After five years as an elementary school teacher, Jennifer Cordileone was restless.
“I always wanted to be a teacher,” she said. “But I found that teachers don’t spend a lot of time teaching.”
In February 2013, she sent her mother, Patty Gage, a text message suggesting the pair open a Mathnasium, a math learning center which offers franchise opportunities.
“I ignored her,” Gage said. “I didn’t respond for a month.”
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But during that time, Gage researched Mathnasium and liked what she saw. An electrical engineer, Gage said she used to tease her children by saying, “When I retire, I’m going to be a math teacher.”
The mother-daughter team opened Mathnasium in October. It is the seventh center in the Triangle and the first in Fuquay-Varina.
Cordileone is the center’s director, overseeing the day-to-day operations. Gage handles the business side while working full time at her engineering job.
“I can’t wait to retire and do it full time,” Gage said.
Mathnasium serves children from kindergarten to 12th grade. The name hints at the operation style.
“It’s like a gym membership,” Gage said. Scheduling is flexible, and drop-ins are accepted. “We try to make it a fun environment.”
The center hosts monthly game nights.
On the first visit, students are assessed so staff can formulate an individualized plan.
“It’s like fitting the right shoe,” Cordileone said. “We make math fun, and they’re doing it at their level.”
Students receive a customized binder to work through at their own pace. A prize cabinet holds rewards for completing enough tasks to fill a punch card.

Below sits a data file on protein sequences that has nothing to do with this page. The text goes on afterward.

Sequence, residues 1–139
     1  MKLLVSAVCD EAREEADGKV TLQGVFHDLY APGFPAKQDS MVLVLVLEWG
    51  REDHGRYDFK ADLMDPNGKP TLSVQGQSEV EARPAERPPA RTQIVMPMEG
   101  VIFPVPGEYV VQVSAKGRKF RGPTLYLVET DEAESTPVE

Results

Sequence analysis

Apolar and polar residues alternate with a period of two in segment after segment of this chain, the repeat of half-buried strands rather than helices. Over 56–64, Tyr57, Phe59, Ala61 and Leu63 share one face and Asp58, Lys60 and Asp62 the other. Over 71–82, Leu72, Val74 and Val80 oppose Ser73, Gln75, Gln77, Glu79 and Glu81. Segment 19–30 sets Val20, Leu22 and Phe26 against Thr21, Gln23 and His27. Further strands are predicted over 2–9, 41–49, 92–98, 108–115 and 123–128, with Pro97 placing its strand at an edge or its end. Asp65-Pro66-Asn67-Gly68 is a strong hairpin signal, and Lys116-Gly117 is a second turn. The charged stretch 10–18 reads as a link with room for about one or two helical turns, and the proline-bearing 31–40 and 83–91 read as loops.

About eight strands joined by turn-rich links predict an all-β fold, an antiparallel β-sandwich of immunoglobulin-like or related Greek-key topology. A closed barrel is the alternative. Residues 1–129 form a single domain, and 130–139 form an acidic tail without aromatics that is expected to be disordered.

Most of the students are struggling with math concepts at school, although some are seeking enrichment. Cordileone and Gage say building confidence is key. The first order of business is taking calculators out of the equation.
“The calculator is a resource,” Cordileone said. “They need to trust their brains more.”
The 1-to-3 ratio of instructors to students is a cost-effective model, Gage said. “It helps parents bring down the costs over private tutoring.”
Cordileone said Mathnasium seeks to collaborate with the student’s classroom teacher.
“We want to build a partnership,” she said. “We’re here to help the student, and as a result the teacher and school, look better.
“I’m a firm believer that it takes a village to raise a child.”
Students are encouraged to bring homework and test papers from the classroom.
“We help build a foundation, but also realize that you are in a current class and need to work with that,” Cordileone said.
Mathnasium also offers ACT and SAT preparation by focusing on a student’s weaknesses.
“It’s not just SAT questions,” Cordileone said. “We hone in on what they really need help with.”
Cordileone said she’s loving her career change. “I never think of it as a job.”
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